Manufacturing is fundamental to a country’s economic success. India and the global economy are at crossroads now, caught in the throes of the coronavirus pandemic. When Covid-19 finally subsides, the Indian economy will shift gears from battling an existing slowdown to pulling out of an even deeper economic precipice, catalysed by both global disruptions as well as broader economic challenges.

As industries, especially manufacturing, strives to recover from this slowdown, the role of digitalisation will become more pronounced. We recently asked top CEOs in India about what their top priority would be post the coronavirus crisis. More than 50% affirmed that greater digital adoption and automation would be the key priorities. A Bain survey also found that even though more than 50% of companies adopt digital operations, only 5% of them exploit their full potential.

We expect digital to get more traction on the shop floor post COVID-19. These could be reflected in the use of IoT and sensors to monitor machine performances and reduce the number of operators; in the safety and security of staff by adopting digital solutions and finally, automation through the use of robotics. Companies should use this crisis to familiarise themselves with new age digital solutions, which otherwise the traditional plant staff is always hesitant to use.

Within manufacturing, companies have been adopting digital across 12 key themes. These include additive manufacturing, Overall Equipment Effectiveness (OEE) and productivity, production logistics, dynamic production planning, automated and adaptive manufacturing, safety and security management, quality management, intelligent energy management, labour productivity, systems (IT) management and predictive and remote maintenance.

Smart factories have the potential to bring significant benefits like increased throughput, higher production efficiency, lower costs (CAPEX and OPEX) and improved quality. In our experience, we have seen that average overall operating and labour costs could go down by up to 20% each. Similarly, digitalisation has the potential to improve plant capacity by about 20%. Savings, agility, quality and efficiency are the broad parameters that could positively get impacted.

What CEOs need to do

Companies that reap the biggest benefits from digital investments take a strategic approach from the outset. They link investments to strategy, prioritise investments that create the most value, adapt their organisational model and move uncomfortably fast. In effect, it is a five-pronged strategy.

Follow a structured approach to digitalising manufacturing operations

At the macro and top management level, there is need to create a compelling digital vision for digitalising manufacturing operations and linking it to the overall strategy of the company. It is important to follow a disciplined approach to piloting and scaling new digital solutions. Often digital experiments originate as grassroots initiatives led by enterprising department heads who are keen to improve specific processes. Their decisions make sense in isolation, but the resulting hodgepodge of initiatives, scatter investment and management focus undercutting the ability to focus on key business outcomes. This is why a structured approach is critical.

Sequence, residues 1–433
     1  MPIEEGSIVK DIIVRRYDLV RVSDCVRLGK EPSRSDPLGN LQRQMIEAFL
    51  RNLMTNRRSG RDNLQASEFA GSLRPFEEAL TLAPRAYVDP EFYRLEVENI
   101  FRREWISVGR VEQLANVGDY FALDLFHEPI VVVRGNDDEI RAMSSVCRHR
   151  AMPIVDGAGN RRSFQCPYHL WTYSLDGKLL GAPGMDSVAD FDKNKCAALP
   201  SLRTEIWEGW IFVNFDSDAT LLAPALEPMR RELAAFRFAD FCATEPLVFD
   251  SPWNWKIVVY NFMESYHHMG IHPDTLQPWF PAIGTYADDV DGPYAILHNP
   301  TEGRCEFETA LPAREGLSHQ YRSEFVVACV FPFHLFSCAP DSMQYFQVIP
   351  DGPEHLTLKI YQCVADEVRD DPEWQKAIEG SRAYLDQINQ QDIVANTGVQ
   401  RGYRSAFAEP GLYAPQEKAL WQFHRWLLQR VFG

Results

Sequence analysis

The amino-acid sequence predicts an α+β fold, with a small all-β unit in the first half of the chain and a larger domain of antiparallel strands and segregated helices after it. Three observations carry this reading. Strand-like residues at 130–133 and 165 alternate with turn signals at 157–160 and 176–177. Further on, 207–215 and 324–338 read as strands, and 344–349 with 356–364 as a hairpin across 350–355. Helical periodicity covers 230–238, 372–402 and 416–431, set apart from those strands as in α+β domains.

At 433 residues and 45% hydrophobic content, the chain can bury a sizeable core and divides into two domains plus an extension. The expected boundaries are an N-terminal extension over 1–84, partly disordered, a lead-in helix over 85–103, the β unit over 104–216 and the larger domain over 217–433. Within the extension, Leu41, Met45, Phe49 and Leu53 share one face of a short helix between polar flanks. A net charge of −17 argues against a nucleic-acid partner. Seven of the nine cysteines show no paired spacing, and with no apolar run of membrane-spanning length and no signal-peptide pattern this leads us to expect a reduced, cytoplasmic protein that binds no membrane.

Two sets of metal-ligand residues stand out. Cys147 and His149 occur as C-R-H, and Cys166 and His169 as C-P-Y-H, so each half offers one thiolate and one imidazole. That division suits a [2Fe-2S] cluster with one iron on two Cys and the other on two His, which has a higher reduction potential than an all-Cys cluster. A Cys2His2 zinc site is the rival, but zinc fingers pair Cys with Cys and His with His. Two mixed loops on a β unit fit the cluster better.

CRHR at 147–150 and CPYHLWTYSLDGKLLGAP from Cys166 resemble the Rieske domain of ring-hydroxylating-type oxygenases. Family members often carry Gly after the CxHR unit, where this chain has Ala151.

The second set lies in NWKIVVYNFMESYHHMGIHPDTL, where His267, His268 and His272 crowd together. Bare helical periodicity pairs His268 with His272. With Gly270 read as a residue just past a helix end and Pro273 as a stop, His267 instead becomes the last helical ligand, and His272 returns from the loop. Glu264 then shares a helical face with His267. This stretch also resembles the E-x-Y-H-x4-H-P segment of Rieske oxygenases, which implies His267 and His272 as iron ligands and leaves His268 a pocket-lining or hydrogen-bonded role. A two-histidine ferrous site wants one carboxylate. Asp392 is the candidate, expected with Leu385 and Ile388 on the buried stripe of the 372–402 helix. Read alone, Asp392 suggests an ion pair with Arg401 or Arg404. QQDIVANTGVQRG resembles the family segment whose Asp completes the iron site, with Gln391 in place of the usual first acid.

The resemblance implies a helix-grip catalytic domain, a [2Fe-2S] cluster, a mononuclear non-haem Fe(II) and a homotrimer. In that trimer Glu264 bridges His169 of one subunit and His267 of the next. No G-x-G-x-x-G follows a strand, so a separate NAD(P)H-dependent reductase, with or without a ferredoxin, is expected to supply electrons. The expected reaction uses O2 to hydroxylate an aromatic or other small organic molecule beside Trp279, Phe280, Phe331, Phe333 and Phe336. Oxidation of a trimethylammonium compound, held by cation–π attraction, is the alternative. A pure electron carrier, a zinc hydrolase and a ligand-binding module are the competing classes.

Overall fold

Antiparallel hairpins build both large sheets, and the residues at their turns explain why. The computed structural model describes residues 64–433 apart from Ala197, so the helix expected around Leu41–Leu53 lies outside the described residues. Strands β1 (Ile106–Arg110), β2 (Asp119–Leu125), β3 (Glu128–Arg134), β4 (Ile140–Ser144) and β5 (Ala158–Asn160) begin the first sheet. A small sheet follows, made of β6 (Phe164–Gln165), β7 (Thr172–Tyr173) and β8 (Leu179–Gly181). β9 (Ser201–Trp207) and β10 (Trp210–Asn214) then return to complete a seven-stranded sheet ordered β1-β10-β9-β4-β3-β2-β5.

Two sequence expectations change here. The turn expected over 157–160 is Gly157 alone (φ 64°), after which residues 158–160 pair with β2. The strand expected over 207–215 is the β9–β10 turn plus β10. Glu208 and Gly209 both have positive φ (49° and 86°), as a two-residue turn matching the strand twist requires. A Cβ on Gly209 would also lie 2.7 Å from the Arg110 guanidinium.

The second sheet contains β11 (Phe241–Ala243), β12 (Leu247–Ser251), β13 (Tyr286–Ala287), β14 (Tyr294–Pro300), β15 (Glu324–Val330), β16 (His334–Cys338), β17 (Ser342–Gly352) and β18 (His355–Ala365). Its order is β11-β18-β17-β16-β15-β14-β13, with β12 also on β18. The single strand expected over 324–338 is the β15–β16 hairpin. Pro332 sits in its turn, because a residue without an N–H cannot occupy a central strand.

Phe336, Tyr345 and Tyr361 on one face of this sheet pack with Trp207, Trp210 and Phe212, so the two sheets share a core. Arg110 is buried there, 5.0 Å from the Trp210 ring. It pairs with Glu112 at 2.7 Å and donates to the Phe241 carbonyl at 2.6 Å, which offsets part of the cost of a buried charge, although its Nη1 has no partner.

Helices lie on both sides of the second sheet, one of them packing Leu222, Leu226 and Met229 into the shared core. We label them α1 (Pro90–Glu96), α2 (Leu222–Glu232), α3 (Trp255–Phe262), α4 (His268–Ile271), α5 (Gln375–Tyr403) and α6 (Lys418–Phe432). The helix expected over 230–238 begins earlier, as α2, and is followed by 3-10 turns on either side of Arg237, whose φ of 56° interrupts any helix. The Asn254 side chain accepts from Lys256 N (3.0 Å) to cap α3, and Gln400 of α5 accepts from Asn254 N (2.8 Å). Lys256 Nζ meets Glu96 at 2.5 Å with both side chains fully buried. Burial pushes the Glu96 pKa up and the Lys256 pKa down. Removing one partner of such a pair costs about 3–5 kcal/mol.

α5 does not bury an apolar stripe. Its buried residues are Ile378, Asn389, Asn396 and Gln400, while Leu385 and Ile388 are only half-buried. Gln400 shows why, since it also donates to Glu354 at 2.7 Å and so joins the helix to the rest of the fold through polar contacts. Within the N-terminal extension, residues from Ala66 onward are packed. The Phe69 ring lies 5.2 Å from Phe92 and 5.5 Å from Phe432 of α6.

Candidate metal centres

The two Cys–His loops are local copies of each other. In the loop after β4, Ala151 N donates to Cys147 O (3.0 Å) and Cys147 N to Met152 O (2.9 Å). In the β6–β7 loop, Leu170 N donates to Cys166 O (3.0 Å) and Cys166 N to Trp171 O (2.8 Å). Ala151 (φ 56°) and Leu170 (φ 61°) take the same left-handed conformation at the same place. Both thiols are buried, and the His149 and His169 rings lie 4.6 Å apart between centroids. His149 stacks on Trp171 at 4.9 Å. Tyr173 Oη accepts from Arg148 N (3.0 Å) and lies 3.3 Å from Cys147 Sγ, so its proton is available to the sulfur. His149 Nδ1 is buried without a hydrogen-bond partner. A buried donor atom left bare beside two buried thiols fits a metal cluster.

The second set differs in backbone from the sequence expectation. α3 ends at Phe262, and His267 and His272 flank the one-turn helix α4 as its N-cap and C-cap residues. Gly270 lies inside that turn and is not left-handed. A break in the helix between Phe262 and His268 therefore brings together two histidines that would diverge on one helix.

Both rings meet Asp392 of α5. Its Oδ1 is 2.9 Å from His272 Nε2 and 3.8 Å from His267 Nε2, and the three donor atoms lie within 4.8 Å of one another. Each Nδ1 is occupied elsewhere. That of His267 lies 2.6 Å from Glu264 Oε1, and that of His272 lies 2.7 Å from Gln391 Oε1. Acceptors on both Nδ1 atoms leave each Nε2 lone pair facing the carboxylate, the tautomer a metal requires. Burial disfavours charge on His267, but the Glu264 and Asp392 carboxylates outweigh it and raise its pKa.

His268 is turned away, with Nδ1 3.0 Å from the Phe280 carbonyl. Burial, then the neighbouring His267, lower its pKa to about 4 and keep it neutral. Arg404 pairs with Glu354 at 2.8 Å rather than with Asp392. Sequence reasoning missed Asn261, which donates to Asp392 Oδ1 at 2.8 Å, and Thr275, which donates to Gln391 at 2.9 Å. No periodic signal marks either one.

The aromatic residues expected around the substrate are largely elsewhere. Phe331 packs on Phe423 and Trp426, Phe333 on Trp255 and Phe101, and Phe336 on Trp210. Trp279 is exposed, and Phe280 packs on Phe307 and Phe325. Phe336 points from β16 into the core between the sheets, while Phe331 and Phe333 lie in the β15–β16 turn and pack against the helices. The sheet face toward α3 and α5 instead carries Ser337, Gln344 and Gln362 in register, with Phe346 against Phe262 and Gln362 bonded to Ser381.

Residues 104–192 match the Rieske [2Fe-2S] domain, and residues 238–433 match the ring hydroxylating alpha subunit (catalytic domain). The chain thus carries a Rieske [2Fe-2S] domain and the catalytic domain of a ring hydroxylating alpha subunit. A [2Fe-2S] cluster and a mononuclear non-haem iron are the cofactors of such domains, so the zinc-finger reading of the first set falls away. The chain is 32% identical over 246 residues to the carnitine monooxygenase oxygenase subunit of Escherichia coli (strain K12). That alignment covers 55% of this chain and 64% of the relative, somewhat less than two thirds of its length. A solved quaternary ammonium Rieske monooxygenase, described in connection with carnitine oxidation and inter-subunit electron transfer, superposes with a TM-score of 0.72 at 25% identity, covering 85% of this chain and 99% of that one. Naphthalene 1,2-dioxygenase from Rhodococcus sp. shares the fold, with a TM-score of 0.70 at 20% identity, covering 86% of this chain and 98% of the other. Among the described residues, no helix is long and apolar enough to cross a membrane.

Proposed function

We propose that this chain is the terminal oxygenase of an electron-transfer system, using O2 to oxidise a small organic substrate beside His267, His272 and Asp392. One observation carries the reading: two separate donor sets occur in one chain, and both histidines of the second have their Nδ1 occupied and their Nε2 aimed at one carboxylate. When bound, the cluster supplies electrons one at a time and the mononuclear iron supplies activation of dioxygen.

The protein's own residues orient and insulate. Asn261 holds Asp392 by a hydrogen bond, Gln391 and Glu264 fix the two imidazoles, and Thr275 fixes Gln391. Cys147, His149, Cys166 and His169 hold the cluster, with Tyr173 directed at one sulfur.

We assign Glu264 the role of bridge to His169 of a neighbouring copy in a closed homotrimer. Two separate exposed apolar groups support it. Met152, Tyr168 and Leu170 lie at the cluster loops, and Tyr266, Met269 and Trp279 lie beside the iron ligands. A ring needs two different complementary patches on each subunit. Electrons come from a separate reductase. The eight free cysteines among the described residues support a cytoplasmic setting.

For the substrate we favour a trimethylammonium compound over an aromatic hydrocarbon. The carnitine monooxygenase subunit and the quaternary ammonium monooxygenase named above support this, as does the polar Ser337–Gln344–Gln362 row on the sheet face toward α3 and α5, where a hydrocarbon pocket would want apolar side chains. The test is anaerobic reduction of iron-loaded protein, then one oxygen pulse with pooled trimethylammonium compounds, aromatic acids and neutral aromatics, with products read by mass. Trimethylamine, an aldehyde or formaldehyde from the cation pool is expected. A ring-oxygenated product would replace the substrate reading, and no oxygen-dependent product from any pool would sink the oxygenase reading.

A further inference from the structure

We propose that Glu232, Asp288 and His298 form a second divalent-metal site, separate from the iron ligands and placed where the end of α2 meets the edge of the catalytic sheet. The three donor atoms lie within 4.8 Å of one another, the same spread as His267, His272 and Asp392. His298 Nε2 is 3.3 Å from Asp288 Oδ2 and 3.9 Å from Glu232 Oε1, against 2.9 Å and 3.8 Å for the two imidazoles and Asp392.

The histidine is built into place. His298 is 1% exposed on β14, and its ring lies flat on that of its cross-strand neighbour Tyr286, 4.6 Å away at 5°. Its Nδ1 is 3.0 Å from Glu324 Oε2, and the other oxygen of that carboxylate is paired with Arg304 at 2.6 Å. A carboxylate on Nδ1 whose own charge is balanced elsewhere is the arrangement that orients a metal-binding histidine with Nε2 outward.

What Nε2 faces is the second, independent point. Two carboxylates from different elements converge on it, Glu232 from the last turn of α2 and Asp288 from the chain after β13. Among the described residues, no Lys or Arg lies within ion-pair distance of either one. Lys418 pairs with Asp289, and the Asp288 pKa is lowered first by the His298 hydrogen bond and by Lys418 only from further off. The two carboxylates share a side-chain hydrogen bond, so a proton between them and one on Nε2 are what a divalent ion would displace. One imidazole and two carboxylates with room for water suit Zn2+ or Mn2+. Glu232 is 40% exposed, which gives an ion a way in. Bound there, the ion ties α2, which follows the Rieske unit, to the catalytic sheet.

Look beyond cost savings

Leadership teams tend to focus on an overly narrow set of goals when digitalising manufacturing operations. Our survey showed that 80% of executives are mainly seeking cost savings. Many overlook the opportunity to improve the reliability and flexibility of their operations and to pursue strategic opportunities. Therefore the advice would be: don’t ignore cost benefits, but focus primarily on improving quality, speed, reliability and visibility of manufacturing operations.

Prioritise opportunities, do not go after everything

A highly fragmented technology and vendor landscape offers companies endless opportunities to test, learn and spend. The risk in this approach is ongoing experimentation with minimal benefits. Therefore, it is crucial to prioritise technologies that will create the greatest value and are scalable.

Move uncomfortably fast

Most companies are still operating at yesterday’s pace in vetting new technologies. As disruption accelerates, executive teams need to move faster in deciding which pilots to scale. They also need to set clear criteria to kill unproductive investments quickly and redirect resources.

Build a smart digital organisation

Companies that ensure that they have the right people in the right roles, sufficient digital talent, strong governance structures and an executive team aligned with the digital strategy become winners and are successful in implementing a digital strategy. It is important to embrace new capabilities, such as agile ways of working and collaborate with start-ups to make the most of cutting-edge technologies.

Investing in digitalising manufacturing operations is a journey with tremendous potential which can create a huge competitive advantage. Already, the gap between leaders and laggards is growing. Our experience shows that a handful of success factors can make all the difference. Digital innovation will make companies of the future exponentially smarter and faster. Those that put it to work will forge a new era in manufacturing operations.

Views are personal.

Deepak Jain and Gaurav Nayyar are partners and Sushil Pasricha is principal in Bain & Company’s New Delhi office. Jain co-leads the Advanced Manufacturing & Services and Energy & Natural Resources practices and also leads Manufacturing and B2B Digital for the APAC region. Nayyar is a leader in Bain India's Advanced Manufacturing & Services and Performance Improvement practices. Pasricha is a member of the firm’s Performance Improvement practice.

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